The southern part of the country includes a substantial portion of Lake Victoria, within which it shares borders with Kenya and Tanzania. Uganda takes its name from the historical Buganda kingdom, which encompasses a portion of the south of the country, including the capital Kampala.
Languages of Uganda
Uganda is ethnologically diverse, with at least forty languages in usage. Luganda is the most common language. English is the official language, even though only a relatively small proportion of the population speaks it. Access to economic and political power is almost impossible without having mastered that English. Luganda, a language widespread in central Uganda, is the official vernacular language in education for central Uganda. The East African lingua franca Swahili is relatively widespread as a trade language and became an official national language in September 2005.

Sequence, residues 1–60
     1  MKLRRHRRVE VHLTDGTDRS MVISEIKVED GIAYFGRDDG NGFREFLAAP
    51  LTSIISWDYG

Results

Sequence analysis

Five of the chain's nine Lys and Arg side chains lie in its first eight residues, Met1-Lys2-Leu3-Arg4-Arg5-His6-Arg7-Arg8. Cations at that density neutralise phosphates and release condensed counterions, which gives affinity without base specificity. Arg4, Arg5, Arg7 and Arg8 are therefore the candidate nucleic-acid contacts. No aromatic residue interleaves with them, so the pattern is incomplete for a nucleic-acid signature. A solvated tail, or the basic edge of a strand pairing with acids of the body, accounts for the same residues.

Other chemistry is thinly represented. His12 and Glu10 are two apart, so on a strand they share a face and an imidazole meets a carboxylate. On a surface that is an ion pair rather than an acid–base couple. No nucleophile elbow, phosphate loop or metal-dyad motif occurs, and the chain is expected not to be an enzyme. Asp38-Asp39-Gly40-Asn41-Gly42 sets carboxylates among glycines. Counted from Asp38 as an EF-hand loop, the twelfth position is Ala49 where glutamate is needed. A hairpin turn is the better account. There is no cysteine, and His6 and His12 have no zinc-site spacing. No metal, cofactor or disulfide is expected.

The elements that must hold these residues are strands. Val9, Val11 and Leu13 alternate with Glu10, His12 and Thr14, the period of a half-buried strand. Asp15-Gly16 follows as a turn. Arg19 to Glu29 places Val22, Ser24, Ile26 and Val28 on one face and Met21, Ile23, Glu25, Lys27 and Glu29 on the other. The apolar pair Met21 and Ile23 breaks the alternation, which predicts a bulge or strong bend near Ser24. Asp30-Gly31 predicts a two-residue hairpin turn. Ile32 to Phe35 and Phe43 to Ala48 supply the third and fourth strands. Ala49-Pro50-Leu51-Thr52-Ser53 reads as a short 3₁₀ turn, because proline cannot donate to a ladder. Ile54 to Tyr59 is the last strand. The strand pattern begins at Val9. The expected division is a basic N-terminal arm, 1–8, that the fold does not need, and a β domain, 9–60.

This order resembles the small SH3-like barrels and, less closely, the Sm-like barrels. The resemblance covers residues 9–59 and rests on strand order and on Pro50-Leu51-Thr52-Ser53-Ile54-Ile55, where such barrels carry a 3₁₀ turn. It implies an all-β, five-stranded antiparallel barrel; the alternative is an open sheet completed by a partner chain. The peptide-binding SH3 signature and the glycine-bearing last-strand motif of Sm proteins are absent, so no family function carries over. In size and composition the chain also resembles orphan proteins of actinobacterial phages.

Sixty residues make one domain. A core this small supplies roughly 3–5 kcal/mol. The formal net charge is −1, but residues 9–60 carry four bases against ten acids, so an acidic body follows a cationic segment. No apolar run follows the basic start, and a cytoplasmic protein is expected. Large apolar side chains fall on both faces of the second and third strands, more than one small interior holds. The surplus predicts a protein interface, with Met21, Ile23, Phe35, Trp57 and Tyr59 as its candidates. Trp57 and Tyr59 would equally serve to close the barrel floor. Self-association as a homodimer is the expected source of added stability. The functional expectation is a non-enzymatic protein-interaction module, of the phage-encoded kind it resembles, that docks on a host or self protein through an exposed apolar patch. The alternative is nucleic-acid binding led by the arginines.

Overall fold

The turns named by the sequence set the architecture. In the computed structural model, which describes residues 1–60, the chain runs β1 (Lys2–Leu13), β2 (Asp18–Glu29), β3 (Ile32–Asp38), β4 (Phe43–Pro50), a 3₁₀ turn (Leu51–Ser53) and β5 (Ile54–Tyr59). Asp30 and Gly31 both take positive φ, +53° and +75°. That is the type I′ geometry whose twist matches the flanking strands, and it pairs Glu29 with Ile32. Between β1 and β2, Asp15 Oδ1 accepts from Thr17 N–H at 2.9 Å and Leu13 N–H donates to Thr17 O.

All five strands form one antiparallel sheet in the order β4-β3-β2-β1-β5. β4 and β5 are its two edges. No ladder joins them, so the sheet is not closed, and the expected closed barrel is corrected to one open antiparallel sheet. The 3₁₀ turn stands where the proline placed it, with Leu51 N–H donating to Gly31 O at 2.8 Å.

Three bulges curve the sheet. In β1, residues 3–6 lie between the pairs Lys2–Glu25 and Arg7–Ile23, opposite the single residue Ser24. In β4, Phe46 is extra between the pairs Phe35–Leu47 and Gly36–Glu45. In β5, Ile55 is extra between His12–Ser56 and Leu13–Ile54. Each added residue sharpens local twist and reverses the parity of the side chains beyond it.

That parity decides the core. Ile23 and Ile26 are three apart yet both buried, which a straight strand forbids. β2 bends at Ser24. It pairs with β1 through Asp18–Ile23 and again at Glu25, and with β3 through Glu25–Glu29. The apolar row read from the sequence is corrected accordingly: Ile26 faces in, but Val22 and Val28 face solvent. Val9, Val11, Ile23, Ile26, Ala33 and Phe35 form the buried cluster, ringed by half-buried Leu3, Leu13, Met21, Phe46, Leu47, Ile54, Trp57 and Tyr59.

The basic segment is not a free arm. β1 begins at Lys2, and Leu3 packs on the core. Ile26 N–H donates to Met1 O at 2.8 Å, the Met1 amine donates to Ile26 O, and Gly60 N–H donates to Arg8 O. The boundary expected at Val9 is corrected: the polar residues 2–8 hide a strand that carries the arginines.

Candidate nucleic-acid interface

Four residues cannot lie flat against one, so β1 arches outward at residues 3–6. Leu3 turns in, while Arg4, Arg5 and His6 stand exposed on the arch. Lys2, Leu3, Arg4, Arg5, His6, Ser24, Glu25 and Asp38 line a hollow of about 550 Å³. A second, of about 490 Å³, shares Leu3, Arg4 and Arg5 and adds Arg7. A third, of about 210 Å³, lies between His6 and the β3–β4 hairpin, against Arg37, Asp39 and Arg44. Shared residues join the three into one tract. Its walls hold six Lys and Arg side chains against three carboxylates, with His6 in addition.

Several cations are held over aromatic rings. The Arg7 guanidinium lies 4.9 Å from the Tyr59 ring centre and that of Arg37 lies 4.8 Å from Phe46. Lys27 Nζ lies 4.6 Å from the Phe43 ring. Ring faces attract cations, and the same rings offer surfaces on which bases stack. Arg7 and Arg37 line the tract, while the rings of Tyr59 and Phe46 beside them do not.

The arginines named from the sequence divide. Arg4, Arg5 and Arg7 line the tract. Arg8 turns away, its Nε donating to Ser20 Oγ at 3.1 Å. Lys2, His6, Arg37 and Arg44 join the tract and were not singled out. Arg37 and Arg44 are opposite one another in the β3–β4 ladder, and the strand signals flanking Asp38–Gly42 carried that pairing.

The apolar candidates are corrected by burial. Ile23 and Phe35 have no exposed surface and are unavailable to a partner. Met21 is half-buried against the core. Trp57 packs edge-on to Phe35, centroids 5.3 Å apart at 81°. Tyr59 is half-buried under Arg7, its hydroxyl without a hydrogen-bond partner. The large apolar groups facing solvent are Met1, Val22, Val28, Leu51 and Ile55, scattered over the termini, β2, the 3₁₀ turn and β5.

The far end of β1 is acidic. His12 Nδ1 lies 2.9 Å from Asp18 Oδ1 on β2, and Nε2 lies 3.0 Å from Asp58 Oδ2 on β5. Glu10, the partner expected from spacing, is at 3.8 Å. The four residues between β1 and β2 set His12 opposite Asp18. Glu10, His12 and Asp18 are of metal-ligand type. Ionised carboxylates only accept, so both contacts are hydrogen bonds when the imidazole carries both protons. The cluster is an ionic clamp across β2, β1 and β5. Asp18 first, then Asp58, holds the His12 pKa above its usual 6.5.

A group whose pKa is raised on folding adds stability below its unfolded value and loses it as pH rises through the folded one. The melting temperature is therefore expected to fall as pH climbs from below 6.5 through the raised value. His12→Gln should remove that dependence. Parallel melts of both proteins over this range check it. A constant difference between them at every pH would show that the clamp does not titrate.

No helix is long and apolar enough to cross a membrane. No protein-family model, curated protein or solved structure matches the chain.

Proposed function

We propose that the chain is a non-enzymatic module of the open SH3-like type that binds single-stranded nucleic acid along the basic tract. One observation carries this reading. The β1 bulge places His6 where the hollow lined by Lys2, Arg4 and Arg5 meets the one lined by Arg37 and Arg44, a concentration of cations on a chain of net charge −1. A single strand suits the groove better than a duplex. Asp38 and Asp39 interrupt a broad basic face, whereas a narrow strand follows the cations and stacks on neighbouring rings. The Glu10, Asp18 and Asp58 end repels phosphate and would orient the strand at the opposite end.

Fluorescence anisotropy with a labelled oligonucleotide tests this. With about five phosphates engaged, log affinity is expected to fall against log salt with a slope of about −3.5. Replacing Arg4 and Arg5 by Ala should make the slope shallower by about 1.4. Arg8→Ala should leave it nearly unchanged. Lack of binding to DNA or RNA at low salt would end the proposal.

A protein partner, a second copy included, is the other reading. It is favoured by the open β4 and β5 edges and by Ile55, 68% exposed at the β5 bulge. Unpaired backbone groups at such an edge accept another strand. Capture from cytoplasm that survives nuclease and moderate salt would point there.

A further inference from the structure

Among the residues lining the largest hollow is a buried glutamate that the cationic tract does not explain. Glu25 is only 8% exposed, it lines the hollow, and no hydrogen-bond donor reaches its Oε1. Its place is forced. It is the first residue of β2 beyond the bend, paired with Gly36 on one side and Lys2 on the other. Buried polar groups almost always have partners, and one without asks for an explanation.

A main division between the languages of Uganda can be made according to their linguistic affiliation. About half of Uganda's languages, all spoken in the southern part, are members of the Bantu language family whereas the other half, in northern Uganda, are Nilo-Saharan languages.
Janan Luwum was the Archbishop of the Church of Uganda. He was a leading voice in criticising the brutal regime Idi Amin in the 1970s. Luwum was murdered on 17 February 1977 – either by Idi Amin himself, or by his lackeys.